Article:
💥 NEW — Off the rails: Inside Trump’s final-weeks campaign to withdraw the U.S. military from engagements around the world
A week after the election, acting Defense Secretary Christopher Miller received a stunning order, signed by Trump, seemingly out of nowhere:
All U.S. military forces were to be withdrawn from Somalia by Dec. 31 and from Afghanistan by Jan. 15. https://t.co/m6bH6VQuYp
Top military brass, including Joint Chiefs of Staff Gen. Mark Milley, were appalled.
This was not the way to conduct policy — with no consultation, no input, no process for gaming out consequences or offering alternatives. https://t.co/m6bH6VQuYp
The U.S. government's top national security leaders soon realized they were dealing with an off-the-books operation by the commander in chief himself. https://t.co/m6bH6VQuYp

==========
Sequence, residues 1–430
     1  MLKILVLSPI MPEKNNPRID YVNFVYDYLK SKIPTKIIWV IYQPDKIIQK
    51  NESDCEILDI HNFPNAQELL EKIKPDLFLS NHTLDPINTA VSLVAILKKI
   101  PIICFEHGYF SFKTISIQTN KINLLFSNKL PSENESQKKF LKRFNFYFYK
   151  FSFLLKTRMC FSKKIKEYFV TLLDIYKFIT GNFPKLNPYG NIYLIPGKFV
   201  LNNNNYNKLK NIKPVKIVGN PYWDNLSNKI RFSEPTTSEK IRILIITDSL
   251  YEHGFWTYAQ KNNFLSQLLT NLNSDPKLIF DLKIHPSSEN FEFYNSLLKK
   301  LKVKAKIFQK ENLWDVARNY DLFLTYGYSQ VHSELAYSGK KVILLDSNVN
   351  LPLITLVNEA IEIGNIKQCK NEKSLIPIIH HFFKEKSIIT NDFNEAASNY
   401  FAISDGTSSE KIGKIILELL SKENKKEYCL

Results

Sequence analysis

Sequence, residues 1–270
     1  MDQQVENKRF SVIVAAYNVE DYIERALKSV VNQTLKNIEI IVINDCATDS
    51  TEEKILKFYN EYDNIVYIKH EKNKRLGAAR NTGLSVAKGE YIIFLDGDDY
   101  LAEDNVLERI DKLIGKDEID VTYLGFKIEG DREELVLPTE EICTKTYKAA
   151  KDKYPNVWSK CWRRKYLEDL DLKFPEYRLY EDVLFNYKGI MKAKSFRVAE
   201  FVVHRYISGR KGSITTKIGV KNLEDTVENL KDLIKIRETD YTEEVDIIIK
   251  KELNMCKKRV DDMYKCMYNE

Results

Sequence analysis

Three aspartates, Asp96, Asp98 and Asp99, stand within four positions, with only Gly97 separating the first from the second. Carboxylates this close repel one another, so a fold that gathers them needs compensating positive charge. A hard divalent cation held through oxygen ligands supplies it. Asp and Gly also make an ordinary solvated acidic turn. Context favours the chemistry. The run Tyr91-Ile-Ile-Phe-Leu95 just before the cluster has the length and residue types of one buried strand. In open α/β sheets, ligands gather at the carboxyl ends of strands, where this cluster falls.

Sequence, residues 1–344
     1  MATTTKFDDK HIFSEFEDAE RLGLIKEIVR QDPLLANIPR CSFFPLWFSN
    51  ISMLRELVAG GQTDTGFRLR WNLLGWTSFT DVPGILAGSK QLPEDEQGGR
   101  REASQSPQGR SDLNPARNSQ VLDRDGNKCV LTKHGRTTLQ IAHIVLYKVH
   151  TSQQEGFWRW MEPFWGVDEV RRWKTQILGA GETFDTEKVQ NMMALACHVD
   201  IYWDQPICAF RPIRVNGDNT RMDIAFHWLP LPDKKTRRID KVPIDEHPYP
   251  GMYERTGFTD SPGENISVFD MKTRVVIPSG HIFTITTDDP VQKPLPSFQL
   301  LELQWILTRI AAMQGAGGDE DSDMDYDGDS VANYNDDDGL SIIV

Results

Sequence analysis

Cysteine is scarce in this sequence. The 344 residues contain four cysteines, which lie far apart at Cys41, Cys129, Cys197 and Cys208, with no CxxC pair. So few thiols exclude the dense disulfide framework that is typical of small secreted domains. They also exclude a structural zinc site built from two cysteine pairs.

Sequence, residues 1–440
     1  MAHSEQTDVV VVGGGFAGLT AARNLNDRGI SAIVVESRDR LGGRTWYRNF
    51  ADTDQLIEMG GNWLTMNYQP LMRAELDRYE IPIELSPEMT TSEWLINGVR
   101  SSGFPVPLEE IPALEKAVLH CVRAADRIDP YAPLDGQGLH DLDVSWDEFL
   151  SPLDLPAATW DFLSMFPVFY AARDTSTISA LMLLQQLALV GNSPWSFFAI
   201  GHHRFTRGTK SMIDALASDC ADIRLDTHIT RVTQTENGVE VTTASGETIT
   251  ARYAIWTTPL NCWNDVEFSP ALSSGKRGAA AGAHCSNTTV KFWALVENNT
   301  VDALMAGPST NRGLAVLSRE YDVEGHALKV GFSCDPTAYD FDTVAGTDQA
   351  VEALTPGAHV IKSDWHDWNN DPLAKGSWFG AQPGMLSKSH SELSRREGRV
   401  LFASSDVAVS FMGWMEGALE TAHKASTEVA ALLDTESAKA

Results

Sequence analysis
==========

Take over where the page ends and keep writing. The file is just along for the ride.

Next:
The episode culminated, as had become a pattern in the Trump presidency, with his ambitions to withdraw U.S. military presence subdued, slow-rolled and detoured by military leaders.
When it came down to it, Trump was indecisive. In the view of top officials, he did not seem to want to own the consequences of a precipitous withdrawal.
This allowed the Pentagon to dismiss his tweets and rants and maintain the status quo. https://t.co/m6bH6VQuYp
👇 Read more, including how senior officials deliberately deceived Trump, plus a remarkable incident in early December where classified intercepts led officials to believe Mark Milley was undercutting civilian leadership of the Pentagon.